Burnout is practically unavoidable these days, with 65% of employees feeling its effects.

And those in leadership positions are uniquely prone to burnout. Leadership roles come with immense responsibilities and pressures, and as organizations continue to grow, the risk of burnout grows, too.

But when leaders burn out, the effects can be felt beyond the individual level, which is why it’s crucial for both the well-being of leaders themselves and the success and sustainability of the organizations they lead that burnout is avoided.

In this blog, we’ll talk about what leadership burnout is, what causes burnout, strategies to overcome (and prevent) burnout, and when additional help might be needed.

Understanding Leadership Burnout

Burnout is a state of physical, emotional, and mental exhaustion caused by prolonged stress or overwork. For leaders, this often manifests as a loss of motivation, reduced effectiveness, and feelings of cynicism or detachment towards their work.

Burnout isn’t something that happens overnight, and it’s different from general day-to-day work stressors. While stress is a normal response to challenging tensions at work (say a big project, an upcoming deadline, or interpersonal clashes), burnout is a more chronic condition that develops over time.

Put simply: Stress can be managed and alleviated with adequate coping mechanisms, whereas burnout typically requires more intensive intervention and lifestyle changes.

But if the root cause of the burnout isn’t addressed, those changes won’t cover up the damage that’s already done—and feelings of burnout might spring up again. So, that begs the question: What’s fueling burnout among leaders?

Related: Burn Bright, Not Out! Crafting Solutions for High Achievers

Root Causes of Leadership Burnout

While employees of all levels can experience burnout for many reasons we’re about to cover, leaders often face sky-high expectations from stakeholders, boards, and even themselves. The constant pressure to perform can lead to chronic stress and eventual burnout.

That kind of pressure also often results in poor work-life balance. Blurring boundaries between work and personal life can deprive leaders of essential relaxation and rejuvenation, which feeds the growing fire of burnout.

Often, a lack of work-life balance stems from excessive workloads and long hours. Many leaders feel the relentless demands of their role day in and day out, resulting in barely any breathing room. 

This need to clock in additional hours can come from outside sources, but many leaders face psychological and emotional factors contributing to their excessive work. Traits like perfectionism and a relentless drive to achieve can predispose leaders to burnout. Emotional exhaustion and compassion fatigue from dealing with high-stakes decisions and team dynamics also play significant roles.

Finally, a work culture characterized by mistrust, poor communication, and unreasonable expectations fosters conditions ripe for burnout among leaders. Without a proper support system in the workplace, regular pressure to take time off, and understanding from others, leaders can get locked in a perpetual cycle of burnout.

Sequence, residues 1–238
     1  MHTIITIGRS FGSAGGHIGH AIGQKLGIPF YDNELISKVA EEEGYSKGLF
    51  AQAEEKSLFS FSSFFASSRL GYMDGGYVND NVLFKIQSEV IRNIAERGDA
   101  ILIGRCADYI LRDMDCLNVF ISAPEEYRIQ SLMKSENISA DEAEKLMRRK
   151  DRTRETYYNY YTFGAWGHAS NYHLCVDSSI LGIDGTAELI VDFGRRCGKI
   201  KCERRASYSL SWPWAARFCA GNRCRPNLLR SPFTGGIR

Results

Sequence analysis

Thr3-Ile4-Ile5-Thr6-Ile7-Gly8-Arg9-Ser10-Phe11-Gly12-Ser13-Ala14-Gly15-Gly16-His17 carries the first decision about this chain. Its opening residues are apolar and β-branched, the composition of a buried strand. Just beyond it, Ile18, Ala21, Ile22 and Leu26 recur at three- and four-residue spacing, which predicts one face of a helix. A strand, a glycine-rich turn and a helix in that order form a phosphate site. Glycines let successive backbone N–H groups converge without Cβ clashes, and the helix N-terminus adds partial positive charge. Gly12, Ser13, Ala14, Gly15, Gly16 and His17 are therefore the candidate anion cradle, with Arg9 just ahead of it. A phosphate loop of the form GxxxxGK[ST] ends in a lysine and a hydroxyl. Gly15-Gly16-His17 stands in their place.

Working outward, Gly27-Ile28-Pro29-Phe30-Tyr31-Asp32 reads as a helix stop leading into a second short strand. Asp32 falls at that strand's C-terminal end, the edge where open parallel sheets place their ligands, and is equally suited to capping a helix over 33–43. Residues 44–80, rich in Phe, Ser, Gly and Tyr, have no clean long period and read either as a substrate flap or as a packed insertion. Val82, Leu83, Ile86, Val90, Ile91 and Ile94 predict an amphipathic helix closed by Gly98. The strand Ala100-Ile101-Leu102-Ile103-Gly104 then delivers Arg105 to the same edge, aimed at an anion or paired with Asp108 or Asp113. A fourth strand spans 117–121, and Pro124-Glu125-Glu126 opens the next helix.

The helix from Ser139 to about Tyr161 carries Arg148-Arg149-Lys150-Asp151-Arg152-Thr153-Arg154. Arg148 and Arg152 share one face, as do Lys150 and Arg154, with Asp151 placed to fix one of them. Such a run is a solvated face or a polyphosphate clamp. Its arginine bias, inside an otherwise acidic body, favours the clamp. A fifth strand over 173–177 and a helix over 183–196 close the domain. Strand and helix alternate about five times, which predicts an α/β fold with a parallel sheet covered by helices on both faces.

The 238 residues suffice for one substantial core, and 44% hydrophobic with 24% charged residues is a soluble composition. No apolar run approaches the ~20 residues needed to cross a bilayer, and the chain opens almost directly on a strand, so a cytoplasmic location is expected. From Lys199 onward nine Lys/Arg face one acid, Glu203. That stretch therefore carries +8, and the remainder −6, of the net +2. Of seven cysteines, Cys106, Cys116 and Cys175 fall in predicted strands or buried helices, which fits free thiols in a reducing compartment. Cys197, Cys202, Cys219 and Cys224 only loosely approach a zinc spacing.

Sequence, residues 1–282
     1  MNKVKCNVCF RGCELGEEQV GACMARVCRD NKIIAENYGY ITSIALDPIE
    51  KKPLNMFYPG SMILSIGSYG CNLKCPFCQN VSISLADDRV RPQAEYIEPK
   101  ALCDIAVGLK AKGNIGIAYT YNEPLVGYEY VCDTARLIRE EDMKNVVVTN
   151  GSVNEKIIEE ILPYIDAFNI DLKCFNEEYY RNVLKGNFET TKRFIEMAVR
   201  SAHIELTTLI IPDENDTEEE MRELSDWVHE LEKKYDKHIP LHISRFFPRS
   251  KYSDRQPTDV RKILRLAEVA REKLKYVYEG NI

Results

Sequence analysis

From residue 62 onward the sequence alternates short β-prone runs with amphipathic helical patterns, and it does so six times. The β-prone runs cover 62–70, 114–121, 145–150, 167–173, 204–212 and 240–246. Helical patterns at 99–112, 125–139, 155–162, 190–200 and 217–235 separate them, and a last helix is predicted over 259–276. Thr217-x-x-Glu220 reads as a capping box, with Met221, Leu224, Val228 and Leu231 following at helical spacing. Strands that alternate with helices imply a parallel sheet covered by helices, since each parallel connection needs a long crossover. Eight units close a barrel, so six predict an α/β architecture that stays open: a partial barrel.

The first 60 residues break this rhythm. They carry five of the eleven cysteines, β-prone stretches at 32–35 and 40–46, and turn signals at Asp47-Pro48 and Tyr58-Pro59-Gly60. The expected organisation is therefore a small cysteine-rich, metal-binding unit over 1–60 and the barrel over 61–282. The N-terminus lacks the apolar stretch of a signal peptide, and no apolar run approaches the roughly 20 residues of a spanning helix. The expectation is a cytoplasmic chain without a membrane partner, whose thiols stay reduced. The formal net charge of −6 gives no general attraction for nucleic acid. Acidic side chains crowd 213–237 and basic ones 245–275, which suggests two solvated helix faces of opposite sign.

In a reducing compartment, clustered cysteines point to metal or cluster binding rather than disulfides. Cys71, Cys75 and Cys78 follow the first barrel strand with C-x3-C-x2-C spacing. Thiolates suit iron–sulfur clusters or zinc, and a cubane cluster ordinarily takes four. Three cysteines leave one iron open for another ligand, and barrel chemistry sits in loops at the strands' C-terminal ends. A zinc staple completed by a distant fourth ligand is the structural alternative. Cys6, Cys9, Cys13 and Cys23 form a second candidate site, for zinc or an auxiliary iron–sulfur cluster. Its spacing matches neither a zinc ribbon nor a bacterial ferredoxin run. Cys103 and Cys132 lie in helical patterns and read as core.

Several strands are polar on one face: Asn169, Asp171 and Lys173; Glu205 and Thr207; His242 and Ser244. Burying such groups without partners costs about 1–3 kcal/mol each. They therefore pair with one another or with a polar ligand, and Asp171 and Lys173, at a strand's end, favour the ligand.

How to Tackle and Prevent Leadership Burnout

In the same way that burnout isn’t caused by a single person, it isn’t solved by a single person either. However, leaders are in a unique position where they must establish clear boundaries with their team and their stakeholders to prioritize self-care. 

As a side note, leaders who take a stand against burnout aren’t just doing themselves a favor—they’re setting an example across the organization that employees need to focus on balance and rest.

One strategy to empower other team members and lessen the workload for leaders is to delegate effectively. Leaders who take on the brunt of the work aren’t setting their team members up for success by keeping important projects off their plates. Delegation helps leaders conserve energy while helping others build essential skills.

Next, there’s a great opportunity to assess what tasks can be simplified with the help of automation and AI tools. Here’s a quick guide on how to choose the right tools, but in a nutshell, leaders and their teams stand to gain much of their time back by assigning time-consuming tasks to a helpful tool.

But perhaps the most substantial change that can mitigate burnout is to create a supportive work environment that encourages balance and actively snuffs out burnout before it becomes a major problem. That means collaborating with various forces across the organization—including HR and even mentors and mental health coaches—to build and maintain an environment where burnout can’t thrive.

Related: “Tactegic” Thinking: Work Smarter, Not Harder

When Should You Consider Professional Help?

While many of the strategies we’ve outlined can be started right away, things like building a culture that discourages burnout are hard to do alone. And the difficulty of that task might make you think it’s better off skipping, but you could be setting yourself up for a cycle of rebound burnout.

This is where fractional leadership can help. Fractional leaders serve as fiduciary partners on your team; meaning, unlike an outside agency, they work alongside you and your team and provide guidance on various goals of yours—including eliminating burnout.

Because fractional leaders come in from an unbiased, clear point of view, they’re quickly able to identify sources of burnout you and your team might have overlooked or become accustomed to—and help you squash them quickly.

Here’s a quick rundown of what fractional leaders can do.

Or, if you’d rather speak with one yourself, you can set up a quick, no-obligation call with one. Be ready to share your goals and your concerns with burnout (or anything else!) to set yourself and your team up for success moving forward.